George Washington Papers

To George Washington from Lord Howe, 17 January 1777

From Lord Howe

New York January the 17th 1777.


The Letter I received from You of the 13th Instant, is in Matter and Expression so different from the liberal turn of Sentiment I had been habituated to expect on every occasion of personal Intercourse or Correspondence with You, that I scarce know how to believe the Contents and the Name I read at the Bottom, are parts of the same Letter.

It surprizes me much that the idle and unnatural Report of Captain Gamble could meet with any Credit. That one, two, or three of the Prisoners have been seen laid out the same Morning by the Sides of the Churches in which they were necessarily confined, I believe may be true; as I have heard that many more of those unhappy people have died in a Night, when Sickness prevailed much amongst them. But can Common-Sense, Sir, suppose us insensible to the Dangers of Infection that would attend the Neglect of timely care to bury the Dead of every Description, in the Town we inhabit? Attention to preserve the Lives of those Men whom we esteem the misled Subjects of the King, is a Duty as binding on Us, where we are able from Circumstances to execute it with Effect, as any you can plead from the Interest you profess in their Welfare.

With regard to the Treatment of the Prisoners in my particular Department, I think it necessary to say; that they were confined with the more general Liberty of the Prison-Ship, until a successful Attempt was made by some to make their Escape. The rest were then restrained within such narrower Limits as left the more commanding parts of the Ship in possession of the Guard.

The Provisions given to them are exactly the same in Nature and Quality, and are furnished from among those served to the Seamen of the Ship in which I am embarked. The Proportion of each Species is exactly the same as that oftentimes deemed sufficient for the Support of the Seamen under the Fatigues of his profession, and which is at no time exceeded to the Soldier when embarked in the Fleet.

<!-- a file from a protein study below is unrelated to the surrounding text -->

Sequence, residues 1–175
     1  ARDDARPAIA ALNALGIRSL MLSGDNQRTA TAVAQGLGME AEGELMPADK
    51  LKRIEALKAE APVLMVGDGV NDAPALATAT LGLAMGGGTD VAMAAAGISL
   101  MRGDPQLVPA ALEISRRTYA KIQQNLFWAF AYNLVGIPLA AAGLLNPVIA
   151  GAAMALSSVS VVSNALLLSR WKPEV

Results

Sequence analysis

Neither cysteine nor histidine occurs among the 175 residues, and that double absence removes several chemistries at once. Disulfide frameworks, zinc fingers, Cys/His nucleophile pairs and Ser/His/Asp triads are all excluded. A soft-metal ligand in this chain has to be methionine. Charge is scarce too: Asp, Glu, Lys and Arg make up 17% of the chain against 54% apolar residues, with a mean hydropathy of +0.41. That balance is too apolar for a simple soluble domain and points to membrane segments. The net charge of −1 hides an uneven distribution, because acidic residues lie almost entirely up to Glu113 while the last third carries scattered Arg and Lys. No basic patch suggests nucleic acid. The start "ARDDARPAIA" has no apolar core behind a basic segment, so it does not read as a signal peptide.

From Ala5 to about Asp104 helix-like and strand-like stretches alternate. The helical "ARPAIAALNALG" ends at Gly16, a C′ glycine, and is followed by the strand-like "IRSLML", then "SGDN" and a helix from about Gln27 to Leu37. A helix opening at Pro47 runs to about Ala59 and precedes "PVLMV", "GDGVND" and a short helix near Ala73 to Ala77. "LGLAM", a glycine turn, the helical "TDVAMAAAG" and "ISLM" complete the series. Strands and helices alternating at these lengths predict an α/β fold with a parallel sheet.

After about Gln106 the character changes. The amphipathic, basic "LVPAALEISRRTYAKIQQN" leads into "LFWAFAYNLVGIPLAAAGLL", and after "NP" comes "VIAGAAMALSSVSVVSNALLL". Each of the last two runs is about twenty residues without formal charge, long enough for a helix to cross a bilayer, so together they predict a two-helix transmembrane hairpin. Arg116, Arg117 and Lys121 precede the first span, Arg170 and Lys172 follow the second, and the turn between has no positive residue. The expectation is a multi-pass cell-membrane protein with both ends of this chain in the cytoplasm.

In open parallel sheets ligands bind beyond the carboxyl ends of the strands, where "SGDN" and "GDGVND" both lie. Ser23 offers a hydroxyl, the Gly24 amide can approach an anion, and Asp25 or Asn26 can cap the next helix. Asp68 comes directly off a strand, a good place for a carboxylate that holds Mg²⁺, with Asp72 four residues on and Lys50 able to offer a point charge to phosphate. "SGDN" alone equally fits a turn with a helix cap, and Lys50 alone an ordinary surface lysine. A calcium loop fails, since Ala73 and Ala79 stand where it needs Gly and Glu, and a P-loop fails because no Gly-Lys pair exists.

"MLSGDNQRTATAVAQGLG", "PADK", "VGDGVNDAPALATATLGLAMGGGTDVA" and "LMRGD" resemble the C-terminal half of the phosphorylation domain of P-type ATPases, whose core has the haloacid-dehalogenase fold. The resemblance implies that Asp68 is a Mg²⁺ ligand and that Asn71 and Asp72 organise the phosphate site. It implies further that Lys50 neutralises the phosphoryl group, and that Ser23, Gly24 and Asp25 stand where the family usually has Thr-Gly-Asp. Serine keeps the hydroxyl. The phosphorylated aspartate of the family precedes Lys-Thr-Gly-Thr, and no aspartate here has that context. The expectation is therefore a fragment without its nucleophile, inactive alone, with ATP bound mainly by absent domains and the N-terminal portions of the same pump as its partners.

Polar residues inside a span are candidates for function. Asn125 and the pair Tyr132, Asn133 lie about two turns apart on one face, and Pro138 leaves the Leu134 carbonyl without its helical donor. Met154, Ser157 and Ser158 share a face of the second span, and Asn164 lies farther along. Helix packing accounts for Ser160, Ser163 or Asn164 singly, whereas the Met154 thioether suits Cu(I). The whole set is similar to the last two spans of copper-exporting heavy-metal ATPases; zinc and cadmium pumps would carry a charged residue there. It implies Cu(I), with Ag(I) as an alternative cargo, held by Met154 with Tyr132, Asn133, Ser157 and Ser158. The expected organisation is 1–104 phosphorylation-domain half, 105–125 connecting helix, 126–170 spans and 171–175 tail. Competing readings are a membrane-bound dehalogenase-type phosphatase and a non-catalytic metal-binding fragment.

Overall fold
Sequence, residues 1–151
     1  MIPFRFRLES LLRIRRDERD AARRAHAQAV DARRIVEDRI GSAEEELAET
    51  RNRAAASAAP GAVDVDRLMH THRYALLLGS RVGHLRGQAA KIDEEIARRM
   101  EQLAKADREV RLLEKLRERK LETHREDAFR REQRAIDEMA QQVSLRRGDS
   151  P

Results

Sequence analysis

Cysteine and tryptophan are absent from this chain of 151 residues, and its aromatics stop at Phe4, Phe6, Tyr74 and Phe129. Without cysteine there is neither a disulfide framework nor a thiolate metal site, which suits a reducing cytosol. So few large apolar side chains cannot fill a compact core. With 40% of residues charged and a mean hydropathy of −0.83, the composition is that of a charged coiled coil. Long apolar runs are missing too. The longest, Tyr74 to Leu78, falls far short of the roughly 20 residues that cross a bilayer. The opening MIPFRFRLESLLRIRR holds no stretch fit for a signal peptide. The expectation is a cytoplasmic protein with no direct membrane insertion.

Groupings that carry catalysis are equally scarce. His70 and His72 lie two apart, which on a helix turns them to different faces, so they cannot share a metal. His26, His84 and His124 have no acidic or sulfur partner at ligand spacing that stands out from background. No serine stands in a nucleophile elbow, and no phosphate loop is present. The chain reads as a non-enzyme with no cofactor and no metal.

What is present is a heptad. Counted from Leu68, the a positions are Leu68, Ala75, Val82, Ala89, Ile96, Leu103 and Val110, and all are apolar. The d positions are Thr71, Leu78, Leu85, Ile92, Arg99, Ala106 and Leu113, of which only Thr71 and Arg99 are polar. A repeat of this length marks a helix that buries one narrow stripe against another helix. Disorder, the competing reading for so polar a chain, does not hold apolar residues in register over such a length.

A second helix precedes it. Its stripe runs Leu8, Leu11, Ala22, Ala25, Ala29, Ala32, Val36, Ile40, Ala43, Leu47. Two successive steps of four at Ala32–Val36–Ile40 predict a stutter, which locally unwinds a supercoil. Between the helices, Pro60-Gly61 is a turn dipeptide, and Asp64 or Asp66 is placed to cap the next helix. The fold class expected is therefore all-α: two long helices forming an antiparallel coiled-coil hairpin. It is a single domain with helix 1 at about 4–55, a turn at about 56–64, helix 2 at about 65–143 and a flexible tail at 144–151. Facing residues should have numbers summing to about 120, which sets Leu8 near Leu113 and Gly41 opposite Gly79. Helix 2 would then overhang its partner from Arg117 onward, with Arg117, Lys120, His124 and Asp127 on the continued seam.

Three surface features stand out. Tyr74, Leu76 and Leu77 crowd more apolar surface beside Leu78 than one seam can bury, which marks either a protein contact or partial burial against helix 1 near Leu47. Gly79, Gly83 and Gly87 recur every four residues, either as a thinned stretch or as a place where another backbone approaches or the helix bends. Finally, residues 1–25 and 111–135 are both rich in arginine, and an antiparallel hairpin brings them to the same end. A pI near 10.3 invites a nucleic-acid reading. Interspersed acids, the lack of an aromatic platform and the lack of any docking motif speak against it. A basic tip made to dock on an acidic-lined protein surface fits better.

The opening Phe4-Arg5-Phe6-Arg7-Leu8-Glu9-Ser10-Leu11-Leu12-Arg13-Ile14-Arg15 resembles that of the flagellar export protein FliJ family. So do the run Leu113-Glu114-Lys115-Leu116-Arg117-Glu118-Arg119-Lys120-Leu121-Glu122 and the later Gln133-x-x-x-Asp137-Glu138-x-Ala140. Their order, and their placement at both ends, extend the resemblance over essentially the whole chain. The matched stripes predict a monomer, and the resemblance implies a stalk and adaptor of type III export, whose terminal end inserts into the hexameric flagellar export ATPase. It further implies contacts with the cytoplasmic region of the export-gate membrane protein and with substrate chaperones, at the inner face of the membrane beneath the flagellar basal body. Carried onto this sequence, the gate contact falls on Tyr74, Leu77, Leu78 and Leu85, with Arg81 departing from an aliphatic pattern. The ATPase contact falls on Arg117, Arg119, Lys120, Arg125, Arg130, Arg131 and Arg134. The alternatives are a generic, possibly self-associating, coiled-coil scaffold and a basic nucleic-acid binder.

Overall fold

It may be necessary to observe that no payment is demanded for the Subsistence of the Prisoners in the Fleet. And, as to the want of Cleanliness among them (the only part of Mr Gamble’s Account that I can find has any Foundation in Truth) the State of the Weather not admitting of the usual Expedient for preserving Cleanliness by washing the Ship, it has been owing to the Indolence of the Prisoners that the other customary Methods have been neglected. They must however be compelled to the practice of them for their own Benefit.

Of Medical Assistance, the Prisoners have had the constant Attendance of an American Surgeon, confined with them, who has been supplied, on his Application, with Medicines from the King’s Stores; And the Physician of the Fleet has visited and recommended the proper Treatment of the Sick amongst them. Seven, I find, is the number that have died of about five hundred that have been suffering, according to Mr Gamble, in the Manner he asserts.

No Representation has been ever made to me by the Prisoners of such pretended ill-treatment; Thô they have sent many Letters soliciting their Enlargement, which was at that time deemed unseasonable: Nor were any Complaints of the kind made to the Captain of my Ship,1 when onboard the Prison-Ship to communicate my Intentions to set at Liberty, in Separate Corps, the Natives of different Provinces; In Compassion to their unavoidable Sufferings in the confined Situation of this Fleet and Army.

The principal Persons in Authority in Connecticut had lately denied their assent to my proposition by an appointed Officer for an Exchange of so many Natives against such British Prisoners as were confined in that Province; But no Distinction was therefore made to their prejudice, in the Favor I meant to shew to those of Rhode-Island and Providence Plantation, where the proposition had been accepted.